Many sneakers are not eco-friendly, but you can reduce their environmental impact


While preparing for the Olympics, London invested in new walking and cycling routes for specatators. While such efforts are eco-friendly, many of the shoes pounding that new pavement are not. (CARL COURT/AFP/GETTY IMAGES)
August 6, 2012

The 2012 Olympics may be the first at which the environment has been a major focus.

The organizers promised that the London Games would be the greenest ever. They invested in new walking and cycling routes for spectators, promised to sell only sustainable fish, and have offered food in compostable or recyclable packaging. Some environmental advocates say the Games have fallen short of their targets — relying more on fossil fuels than originally intended, for example — but they have served as a starting point for thinking about sports and the Earth.

Maybe the Games have inspired you to lace up your sneakers. (Or guilted you into it: There’s nothing like watching chiseled bodies streaking around a track at the outer limits of human capability to make you feel bad about your conditioning.)

But before you buy that new pair of trainers, you might consider your own ecological footprint. What are the environmental impacts of a pair of sneakers, and is there anything you can you do to lighten your impact on the planet while softening the planet’s impact on your joints?

The sheer scale of the shoe industry makes it worth thinking about, even if sneakers haven’t been on your environmental radar. Analysts estimate that global shoe production surpasses 20 billion pairs annually.

Go easy on the leather

Sneakers feature some pretty environmentally unfriendly materials. All of the environmental calamities associated with eating beef — greenhouse gas production, the destruction of the rain forests, the streaming of manure into the Chesapeake Bay and other sensitive waterways — are also associated with wearing leather.

The harmful impacts of manufacturing leather extend beyond the raising of cattle. Many tanneries rely on hexavalent chromium to toughen rawhide into leather because it works faster than traditional, vegetable-based materials.

Hexavalent chromium is a probable carcinogen, though, made famous in the film “Erin Brockovich.” In 2010, the Environmental Working Group reported the presence of the chemical in the water supplies of Bethesda, Washington and 33 other cities in the country.

In purchasing a sneaker, therefore, one of the best things a consumer can do for the environment is to select a model with little or no leather.

A group of graduate students from the University of California at Santa Barbara demonstrated the point in 2008 when they analyzed the environmental impacts of Simple Shoes, a brand that emphasizes its green credentials.

The group found that a kilogram of leather was responsible for about 10 times as much greenhouse gas production as synthetic alternatives or natural options such as hemp, jute and wool felt. In fact, Simple Shoes models with less leather performed significantly better than more-leather sneakers in almost every environmental impact category, including acid rain production, eutrophication of waterways and human toxicity.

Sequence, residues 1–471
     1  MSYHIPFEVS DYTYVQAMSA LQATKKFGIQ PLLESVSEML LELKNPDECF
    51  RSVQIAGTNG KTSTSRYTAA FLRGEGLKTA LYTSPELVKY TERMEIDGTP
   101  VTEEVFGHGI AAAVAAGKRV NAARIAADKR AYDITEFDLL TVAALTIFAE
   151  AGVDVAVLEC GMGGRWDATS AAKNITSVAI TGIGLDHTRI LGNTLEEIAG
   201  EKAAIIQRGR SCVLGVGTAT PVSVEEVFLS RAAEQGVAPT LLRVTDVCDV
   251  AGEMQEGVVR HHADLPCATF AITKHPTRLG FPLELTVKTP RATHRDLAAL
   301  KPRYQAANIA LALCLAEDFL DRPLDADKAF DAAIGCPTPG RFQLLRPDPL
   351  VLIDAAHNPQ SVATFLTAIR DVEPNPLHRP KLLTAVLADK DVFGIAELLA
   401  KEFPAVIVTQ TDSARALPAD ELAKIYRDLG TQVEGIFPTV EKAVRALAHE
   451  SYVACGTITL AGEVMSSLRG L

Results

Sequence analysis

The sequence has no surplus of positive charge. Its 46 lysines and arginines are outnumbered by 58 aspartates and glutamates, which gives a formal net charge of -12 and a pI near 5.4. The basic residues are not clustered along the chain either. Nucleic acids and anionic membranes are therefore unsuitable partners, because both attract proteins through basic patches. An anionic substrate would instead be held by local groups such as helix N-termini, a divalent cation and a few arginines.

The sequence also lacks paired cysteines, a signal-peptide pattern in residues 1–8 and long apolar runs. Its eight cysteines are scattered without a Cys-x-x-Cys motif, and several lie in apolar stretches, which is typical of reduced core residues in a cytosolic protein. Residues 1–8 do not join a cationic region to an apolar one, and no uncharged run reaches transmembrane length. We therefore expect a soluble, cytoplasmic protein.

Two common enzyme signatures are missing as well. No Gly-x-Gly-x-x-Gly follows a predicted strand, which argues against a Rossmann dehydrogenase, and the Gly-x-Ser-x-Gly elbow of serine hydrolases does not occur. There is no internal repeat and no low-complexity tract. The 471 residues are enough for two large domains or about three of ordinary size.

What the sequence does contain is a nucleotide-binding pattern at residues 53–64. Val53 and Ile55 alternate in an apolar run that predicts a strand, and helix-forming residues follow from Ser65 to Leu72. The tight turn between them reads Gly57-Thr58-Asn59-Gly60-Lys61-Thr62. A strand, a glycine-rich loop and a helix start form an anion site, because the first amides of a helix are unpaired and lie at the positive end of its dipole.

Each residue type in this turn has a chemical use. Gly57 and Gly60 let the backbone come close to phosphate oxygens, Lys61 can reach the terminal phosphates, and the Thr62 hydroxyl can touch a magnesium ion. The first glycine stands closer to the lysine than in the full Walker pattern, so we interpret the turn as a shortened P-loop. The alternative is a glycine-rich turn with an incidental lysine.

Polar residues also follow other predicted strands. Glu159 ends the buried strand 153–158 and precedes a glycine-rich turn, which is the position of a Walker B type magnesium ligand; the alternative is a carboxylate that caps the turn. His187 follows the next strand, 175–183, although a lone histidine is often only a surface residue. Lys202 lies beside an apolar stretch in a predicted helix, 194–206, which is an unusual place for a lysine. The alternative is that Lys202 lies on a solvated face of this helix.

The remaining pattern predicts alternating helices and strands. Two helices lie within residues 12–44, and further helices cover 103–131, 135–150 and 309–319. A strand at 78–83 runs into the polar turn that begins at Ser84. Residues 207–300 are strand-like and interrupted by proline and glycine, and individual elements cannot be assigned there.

It’s easy these days to find non-leather running shoes. Major manufacturers such as Saucony, Merrell and New Balance offer completely synthetic options, and some online retailers sell vegan shoes.

The cotton in a sneaker’s upper and its laces is also a concern, because cotton production requires large amounts of chemicals.

According to the advocacy group World Wildlife Fund, cotton accounts for 24 percent of global insecticide use and 11 percent of pesticides, even though less than 3 percent of farmland is planted with cotton.

You can lighten your cotton impact if you use a shoe made with organic cotton, which uses none of these synthetic chemicals and requires about half as much energy to produce as the conventional version, according to a 2005 report from the Stockholm Environment Institute. (Organic cotton is not without costs, though: It takes more land to grow organic than conventional cotton.)

The trouble with rubber

Then there’s the ingredient that makes sneakers special: the rubber outsole. Rubber-soled sneakers were first marketed in 1917, and Bill Bowerman helped rocket the Nike company to prominence in 1972, when he sculpted new soles by pouring rubber into a waffle iron. Most of today’s sneaker outsoles are made from synthetic rubber.

According to the World Wildlife Fund, the manufacture of synthetic rubber results in the release of more waste than the volume of rubber produced. That waste includes several forms of volatile organic compounds, some of which are suspected carcinogens.

Unfortunately, it’s tough to avoid synthetic rubber in sneakers. Some companies sell models with recycled car tires rather than virgin synthetic rubber, but few are suitable for serious running. Natural rubber is also better for the environment than synthetic, but few shoemakers use it.

If all of this has you ready to throw your hands up and plop your backside down on the couch for good, some footwear companies have begun rating the environmental impact of their products.

Timberland, for example, ranks its products on a scale of zero to 10. Such scales are a big step, but keep in mind that most of them are done by the manufacturer, not by a disinterested third party.

In 2011, Puma won some green cred by becoming one of the first major corporations to quantify its overall impact on the environment, but quantifying overall corporate impact doesn’t help consumers choose between shoe models.

Of course, you could just forget the shoes and join the ranks of the barefoot running movement. Although its impact on your joints is still a matter of debate, its impact on the environment is unquestionably lighter.

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